California is well-known as a challenging jurisdiction for employers. The American Tort Reform Association ranked California second on its annual list of “judicial hellholes” due to the state courts’ and legislature’s propensity to expand employer liability and avoid arbitration. According to a 2017 study, California employers face a 46% higher chance of employment litigation than the national average. Now, a recent study suggests that, in the wake of the coronavirus pandemic, employers face an additional hurdle in California: the jurors themselves.
The study compared 321 individuals nationwide to 95 individuals in Los Angeles County on their responses to a series of employment litigation questions, both before and after the pandemic. The L.A. County residents’ responses were not only more favorable to employees than the national respondents’ responses, but also more favorable to their own responses from before the pandemic. For example, when asked whom they would believe in a dispute between an employee and an employer, 66% of LA County residents had favored the employee before the pandemic. After the coronavirus pandemic, that number increased to 80% of residents, compared to only 69% of national residents.
L.A. County residents were also more likely to believe that disadvantaged groups were being harder hit by pandemic-related staffing cuts (53% of L.A. County residents vs. 35% nationally) and that discrimination on the basis of race, gender and age had worsened due to the pandemic (61% of L.A. County residents vs. 36% nationally). While both national respondents and L.A. County residents favored holding employers accountable if an employee contracts coronavirus while working, L.A. County residents held this belief more strongly, with 33% stating they strongly agreed compared to 20% nationally.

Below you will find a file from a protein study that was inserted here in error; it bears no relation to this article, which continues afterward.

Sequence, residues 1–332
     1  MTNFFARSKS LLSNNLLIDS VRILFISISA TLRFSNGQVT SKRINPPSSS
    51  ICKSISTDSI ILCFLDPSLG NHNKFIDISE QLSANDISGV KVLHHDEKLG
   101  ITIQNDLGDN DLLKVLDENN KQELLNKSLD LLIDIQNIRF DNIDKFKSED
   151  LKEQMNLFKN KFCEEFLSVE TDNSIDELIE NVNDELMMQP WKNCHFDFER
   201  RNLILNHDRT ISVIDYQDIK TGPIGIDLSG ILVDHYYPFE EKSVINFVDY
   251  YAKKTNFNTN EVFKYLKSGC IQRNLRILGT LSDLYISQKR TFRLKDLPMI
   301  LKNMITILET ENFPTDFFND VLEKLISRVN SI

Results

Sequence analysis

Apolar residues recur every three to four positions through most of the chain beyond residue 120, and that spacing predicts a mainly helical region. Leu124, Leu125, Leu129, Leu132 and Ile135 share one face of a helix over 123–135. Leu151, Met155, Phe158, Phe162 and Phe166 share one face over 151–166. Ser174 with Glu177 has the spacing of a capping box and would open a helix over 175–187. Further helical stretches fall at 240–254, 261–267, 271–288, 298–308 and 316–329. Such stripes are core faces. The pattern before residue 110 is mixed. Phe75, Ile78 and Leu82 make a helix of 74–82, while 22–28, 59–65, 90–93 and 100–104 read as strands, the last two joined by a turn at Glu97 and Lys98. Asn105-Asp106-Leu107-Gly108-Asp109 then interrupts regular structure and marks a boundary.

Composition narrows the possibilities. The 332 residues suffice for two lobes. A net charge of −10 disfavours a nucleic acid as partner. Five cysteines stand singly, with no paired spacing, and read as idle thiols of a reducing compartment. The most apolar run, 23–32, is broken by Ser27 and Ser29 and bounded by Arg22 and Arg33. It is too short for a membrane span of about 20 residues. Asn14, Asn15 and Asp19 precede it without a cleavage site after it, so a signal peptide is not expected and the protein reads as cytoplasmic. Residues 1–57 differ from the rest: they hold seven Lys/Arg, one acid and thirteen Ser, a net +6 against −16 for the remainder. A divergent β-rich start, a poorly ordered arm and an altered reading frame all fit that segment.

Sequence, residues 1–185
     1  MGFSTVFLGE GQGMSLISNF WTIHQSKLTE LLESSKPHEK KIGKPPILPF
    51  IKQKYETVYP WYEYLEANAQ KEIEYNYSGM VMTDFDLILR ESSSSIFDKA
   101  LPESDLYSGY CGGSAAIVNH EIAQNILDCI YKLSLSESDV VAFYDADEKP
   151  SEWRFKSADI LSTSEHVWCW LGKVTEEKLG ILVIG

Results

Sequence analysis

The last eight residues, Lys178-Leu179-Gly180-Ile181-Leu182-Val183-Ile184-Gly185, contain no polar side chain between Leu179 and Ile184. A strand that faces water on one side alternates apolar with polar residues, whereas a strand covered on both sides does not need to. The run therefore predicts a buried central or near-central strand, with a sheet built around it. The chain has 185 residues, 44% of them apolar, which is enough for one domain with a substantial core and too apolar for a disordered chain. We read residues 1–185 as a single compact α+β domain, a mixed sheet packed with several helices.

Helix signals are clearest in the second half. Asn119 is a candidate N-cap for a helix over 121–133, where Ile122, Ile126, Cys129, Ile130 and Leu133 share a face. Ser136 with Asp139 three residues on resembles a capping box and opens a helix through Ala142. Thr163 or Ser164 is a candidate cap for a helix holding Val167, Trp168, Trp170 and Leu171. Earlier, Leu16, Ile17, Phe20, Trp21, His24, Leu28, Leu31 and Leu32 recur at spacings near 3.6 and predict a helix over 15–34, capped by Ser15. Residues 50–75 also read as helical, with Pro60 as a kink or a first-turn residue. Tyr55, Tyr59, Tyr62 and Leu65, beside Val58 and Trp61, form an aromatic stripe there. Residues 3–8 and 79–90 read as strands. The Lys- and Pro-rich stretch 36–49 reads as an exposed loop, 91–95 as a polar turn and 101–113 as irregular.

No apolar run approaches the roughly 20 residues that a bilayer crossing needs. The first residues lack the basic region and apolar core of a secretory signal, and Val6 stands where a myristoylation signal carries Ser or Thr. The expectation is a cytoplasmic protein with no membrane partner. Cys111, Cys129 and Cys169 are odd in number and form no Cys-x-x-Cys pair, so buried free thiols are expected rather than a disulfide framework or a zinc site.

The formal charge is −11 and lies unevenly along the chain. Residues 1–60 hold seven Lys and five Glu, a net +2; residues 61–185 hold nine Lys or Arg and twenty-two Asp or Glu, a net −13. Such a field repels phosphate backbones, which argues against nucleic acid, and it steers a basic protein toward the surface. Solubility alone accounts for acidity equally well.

The study also found that coronavirus concerns and beliefs influenced the employment attitudes of the L.A. County residents. Residents who were concerned or very concerned about contracting the coronavirus expressed more pro-plaintiff attitudes than those who were less concerned with contracting the virus. For example, concerned L.A. County residents were more likely to agree with statements such as, “Corporations are using the coronavirus pandemic as an excuse to lay people off when they don’t really have to,” “Corporations are using the coronavirus pandemic as an excuse to overwork and underpay their employees,” and “Too many corporations have put profits over safety during the coronavirus pandemic.”
The study authors also pointed out that the results were not “completely bleak” for employers. Both nationally and in L.A. County, the majority of respondents agreed that most employers had done the best they could in a bad situation and that most corporations had tried to act in a socially responsible way during the coronavirus pandemic.
This latest research provides further support for the idea that California is a unique landscape for employers. That L.A. County residents were receptive to the idea that employers were doing their best emphasizes the importance of having an understandable narrative to explain adverse employment actions. However, even armed with a reasonable version of events, employers should be prepared to face increased hostility in California litigation. It also remains to be seen how the events of the coronavirus pandemic will affect juror attitudes nationwide, and additional care is likely required when litigating employment issues related to the pandemic.